Last week the Human Fertilisation and Embryology Authority (HFEA), which oversees all UK fertility services, wrote to the NHS Directors of Public Health to outline the importance of ensuring that commissioning strategies are consistent with the HFEA's new multiple births policy. The policy aims to 'more than halve the rate of IVF multiple births from its 2006 level of 23 per cent to 10 per cent over the next 3 years', according to the letter from Alan Doran, Interim Chief Executive of the HFEA.
The letter sets out the key elements of the policy, including the requirement that no centre should exceed a multiple birth rate of 24 per cent during 2009, decreasing to a maximum limit of 10 per cent over the next three years. It also highlights that, under the new policy, individual centres should have their own policy in place detailing how they intend to meet that target and in which patients single embryo transfer (SET) will be favoured.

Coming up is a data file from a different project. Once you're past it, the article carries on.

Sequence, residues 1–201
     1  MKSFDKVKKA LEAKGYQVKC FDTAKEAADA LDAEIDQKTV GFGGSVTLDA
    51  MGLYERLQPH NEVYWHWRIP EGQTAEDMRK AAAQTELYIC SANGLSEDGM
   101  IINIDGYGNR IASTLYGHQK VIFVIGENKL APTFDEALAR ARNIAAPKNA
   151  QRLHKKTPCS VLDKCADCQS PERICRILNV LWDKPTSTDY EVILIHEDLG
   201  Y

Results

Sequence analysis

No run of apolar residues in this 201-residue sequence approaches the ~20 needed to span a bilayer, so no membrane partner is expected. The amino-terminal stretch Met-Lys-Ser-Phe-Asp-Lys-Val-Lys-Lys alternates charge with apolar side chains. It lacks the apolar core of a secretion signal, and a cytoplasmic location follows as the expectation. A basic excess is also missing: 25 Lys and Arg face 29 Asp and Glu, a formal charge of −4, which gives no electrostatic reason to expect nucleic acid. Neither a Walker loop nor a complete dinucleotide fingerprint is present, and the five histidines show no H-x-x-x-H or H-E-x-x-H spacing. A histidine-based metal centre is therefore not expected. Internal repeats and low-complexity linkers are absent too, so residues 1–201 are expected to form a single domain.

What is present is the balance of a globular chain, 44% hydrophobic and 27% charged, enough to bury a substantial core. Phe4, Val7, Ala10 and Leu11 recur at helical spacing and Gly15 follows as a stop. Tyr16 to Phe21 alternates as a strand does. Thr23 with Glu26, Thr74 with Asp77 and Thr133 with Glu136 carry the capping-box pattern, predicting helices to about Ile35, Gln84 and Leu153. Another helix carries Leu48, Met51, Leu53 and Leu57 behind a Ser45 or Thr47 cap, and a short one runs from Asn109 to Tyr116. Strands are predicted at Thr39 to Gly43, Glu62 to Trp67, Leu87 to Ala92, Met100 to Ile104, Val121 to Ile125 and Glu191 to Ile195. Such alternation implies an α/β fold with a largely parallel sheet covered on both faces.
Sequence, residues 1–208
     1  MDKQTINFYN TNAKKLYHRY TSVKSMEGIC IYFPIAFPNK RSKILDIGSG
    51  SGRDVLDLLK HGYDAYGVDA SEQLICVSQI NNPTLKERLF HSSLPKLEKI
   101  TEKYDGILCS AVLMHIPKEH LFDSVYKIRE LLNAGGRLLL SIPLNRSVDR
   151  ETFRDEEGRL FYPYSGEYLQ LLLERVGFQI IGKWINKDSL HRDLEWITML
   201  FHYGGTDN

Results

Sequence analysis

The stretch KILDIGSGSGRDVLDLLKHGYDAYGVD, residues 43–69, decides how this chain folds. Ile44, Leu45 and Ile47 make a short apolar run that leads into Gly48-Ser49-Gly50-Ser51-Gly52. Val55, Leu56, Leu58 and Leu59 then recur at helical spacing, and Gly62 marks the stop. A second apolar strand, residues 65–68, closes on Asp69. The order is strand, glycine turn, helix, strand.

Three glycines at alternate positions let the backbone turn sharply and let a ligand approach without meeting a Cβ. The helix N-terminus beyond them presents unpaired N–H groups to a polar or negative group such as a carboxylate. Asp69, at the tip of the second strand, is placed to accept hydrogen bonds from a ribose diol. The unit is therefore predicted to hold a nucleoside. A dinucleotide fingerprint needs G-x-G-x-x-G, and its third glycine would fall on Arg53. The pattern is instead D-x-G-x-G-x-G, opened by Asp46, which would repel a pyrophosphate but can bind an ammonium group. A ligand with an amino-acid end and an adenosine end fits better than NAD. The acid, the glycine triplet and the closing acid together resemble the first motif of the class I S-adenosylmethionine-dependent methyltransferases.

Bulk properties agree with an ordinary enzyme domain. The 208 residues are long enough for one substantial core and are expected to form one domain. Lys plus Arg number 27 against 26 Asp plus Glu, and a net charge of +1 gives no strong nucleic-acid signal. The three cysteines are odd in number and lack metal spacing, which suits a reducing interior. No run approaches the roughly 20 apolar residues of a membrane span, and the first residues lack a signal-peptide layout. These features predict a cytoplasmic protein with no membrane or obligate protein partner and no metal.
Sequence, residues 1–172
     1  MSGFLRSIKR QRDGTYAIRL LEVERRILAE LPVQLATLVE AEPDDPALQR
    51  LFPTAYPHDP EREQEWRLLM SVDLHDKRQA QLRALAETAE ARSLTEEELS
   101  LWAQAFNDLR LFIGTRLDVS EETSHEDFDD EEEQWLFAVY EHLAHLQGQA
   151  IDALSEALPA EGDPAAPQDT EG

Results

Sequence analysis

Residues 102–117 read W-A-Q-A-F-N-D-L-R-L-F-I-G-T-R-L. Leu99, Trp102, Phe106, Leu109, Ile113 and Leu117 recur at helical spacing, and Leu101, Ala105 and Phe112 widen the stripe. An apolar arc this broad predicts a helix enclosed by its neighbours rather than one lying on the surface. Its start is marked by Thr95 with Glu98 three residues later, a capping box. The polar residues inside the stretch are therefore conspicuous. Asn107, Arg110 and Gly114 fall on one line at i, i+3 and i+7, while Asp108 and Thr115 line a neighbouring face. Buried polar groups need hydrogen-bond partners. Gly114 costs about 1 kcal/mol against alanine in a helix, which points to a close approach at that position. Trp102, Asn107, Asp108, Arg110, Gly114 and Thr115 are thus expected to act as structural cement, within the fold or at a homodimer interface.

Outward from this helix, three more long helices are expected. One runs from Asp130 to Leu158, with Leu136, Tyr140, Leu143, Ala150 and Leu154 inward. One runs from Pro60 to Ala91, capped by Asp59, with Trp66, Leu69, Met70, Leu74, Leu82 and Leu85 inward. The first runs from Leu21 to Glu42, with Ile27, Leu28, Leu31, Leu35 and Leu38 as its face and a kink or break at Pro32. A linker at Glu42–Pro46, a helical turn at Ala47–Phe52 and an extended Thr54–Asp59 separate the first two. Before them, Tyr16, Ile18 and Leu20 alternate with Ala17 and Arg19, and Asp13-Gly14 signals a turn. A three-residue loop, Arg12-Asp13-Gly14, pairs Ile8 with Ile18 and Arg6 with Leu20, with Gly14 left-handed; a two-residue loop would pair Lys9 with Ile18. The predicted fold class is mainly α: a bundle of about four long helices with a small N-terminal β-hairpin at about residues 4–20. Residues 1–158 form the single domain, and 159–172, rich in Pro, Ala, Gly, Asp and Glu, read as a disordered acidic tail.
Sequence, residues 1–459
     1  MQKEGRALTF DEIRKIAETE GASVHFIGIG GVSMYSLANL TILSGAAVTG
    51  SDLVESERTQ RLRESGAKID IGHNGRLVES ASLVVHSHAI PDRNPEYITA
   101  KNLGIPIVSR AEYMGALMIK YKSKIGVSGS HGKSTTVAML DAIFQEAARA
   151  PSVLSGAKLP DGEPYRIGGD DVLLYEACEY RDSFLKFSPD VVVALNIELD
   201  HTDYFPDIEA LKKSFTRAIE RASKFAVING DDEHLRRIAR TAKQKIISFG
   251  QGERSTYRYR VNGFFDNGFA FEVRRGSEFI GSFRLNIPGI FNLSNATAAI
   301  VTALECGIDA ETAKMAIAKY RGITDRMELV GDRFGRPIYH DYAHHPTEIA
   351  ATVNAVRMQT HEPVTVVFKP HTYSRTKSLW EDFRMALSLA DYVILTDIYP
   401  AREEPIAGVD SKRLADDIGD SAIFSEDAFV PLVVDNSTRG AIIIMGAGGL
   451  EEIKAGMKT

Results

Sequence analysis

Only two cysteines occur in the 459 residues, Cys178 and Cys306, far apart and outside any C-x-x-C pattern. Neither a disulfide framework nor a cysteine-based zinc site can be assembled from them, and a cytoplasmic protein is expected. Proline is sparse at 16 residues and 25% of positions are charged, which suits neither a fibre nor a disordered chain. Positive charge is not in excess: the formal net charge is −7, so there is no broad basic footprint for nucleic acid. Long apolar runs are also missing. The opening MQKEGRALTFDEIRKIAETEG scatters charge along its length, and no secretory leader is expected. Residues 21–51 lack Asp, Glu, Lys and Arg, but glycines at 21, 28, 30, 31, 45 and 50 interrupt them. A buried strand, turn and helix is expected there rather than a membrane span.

Bill Ledger, Professor of Obstetrics and Gynaecology at the University of Sheffield, welcomed the letter: 'It's an excellent letter which emphasises the need to be selective with SET and not to adopt a blanket approach. It highlights the nonsense of the current system of decision making in the NHS whereby every PCT or group of PCTs makes its own decision about policy', he told BioNews.
Clare Lewis-Jones, Chair of the National Infertility Awareness Campaign, also welcomed the letter, but emphasised the need to urgently address the current UK 'postcode lottery' in the provision of IVF. 'Whilst the level of NHS funding in England is improving, there are still far too many inequities in relation to the level of funding for fertility treatment. It is vital that all PCTs implement the full NICE (National Institute for Health and Clinical Excellence) guideline, that is three full cycles, as quickly as possible so that those patients who are most at risk of having a multiple pregnancy and therefore are having single embryo transfer are at least given a very real chance of having a baby by being able to access the appropriate number of cycles recommended by NICE', she said.
Lewis-Jones emphasised that the letter was not a mandate to adopt SET for all IVF patients. 'We know that there are parts of England who are saying that all patients in their area must have single embryo transfer. They must recognise that this is not what is being recommended, not clinically appropriate for some patients and is therefore not a cost effective use of the PCTs resources and should be reviewed urgently'.